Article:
And although I personally have no inclination that way at all, I don’t have any problem with it either – indeed, far less than I have a problem with some people’s apparently natural tendency to become left-wing authoritarians. (Is that a ‘disease’?) Homosexuality seems an innocent enough difference in comparison, like liking sprouts. The species is in no danger because of their existence.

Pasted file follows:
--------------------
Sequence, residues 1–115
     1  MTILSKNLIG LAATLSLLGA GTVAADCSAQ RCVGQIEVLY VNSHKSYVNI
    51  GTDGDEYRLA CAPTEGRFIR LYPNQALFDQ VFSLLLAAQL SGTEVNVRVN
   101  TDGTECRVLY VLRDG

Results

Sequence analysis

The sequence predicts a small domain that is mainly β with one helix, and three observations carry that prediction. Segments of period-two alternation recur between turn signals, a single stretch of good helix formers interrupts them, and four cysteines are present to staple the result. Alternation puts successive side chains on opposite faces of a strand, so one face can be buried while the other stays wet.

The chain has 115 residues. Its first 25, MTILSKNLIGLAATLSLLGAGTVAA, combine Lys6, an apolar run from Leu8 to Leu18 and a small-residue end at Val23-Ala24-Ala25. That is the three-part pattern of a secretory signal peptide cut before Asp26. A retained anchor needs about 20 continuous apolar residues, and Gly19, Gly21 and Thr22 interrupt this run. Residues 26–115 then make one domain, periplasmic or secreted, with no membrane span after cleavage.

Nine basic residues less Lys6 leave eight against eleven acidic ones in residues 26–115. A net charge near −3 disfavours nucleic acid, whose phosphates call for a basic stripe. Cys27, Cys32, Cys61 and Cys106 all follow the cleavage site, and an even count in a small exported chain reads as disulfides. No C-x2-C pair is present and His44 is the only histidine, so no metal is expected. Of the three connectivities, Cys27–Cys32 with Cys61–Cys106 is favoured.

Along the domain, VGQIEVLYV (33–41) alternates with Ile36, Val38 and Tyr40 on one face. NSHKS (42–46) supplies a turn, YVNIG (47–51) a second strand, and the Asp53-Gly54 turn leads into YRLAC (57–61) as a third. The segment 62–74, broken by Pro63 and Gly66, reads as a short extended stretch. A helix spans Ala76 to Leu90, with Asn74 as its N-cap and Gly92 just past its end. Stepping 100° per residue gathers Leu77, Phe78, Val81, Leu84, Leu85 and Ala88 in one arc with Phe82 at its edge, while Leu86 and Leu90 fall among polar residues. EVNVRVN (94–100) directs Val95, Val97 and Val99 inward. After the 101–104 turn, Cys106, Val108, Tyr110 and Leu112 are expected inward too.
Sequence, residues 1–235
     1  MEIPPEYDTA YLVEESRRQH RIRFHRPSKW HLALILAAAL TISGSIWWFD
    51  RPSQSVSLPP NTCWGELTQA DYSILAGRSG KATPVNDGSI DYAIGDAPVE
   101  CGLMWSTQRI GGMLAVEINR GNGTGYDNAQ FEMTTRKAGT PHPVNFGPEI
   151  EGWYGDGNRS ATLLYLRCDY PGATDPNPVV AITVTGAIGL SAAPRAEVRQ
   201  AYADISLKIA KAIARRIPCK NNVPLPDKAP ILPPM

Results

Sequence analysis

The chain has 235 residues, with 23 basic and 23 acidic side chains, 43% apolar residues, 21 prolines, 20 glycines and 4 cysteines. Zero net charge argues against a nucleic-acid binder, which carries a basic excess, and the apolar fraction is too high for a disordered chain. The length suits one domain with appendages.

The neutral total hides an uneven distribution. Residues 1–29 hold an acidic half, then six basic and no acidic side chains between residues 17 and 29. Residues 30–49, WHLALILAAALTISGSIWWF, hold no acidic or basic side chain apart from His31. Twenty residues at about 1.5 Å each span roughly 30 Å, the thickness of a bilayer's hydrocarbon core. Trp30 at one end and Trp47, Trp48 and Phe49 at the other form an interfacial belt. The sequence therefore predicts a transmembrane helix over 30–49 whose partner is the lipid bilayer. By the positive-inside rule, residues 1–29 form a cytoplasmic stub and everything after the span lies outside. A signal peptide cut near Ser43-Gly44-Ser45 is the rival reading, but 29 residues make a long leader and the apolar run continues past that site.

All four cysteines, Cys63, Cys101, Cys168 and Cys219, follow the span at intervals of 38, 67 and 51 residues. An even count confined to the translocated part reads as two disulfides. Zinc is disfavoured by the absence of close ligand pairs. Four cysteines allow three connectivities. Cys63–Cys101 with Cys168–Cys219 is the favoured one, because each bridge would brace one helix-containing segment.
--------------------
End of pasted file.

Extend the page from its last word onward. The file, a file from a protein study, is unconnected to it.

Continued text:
The term ‘disease’ to me implies suffering and risk of death, and it has always seemed to me that any suffering was more due to the intolerance of others, rather than being inherent in that particular condition. Thus, intolerance is arguably the ‘genetic disease’, and homosexuality more a personal quirk like blue eyes or brown skin. That such things are genetic does not by itself imply any particular value judgement about them.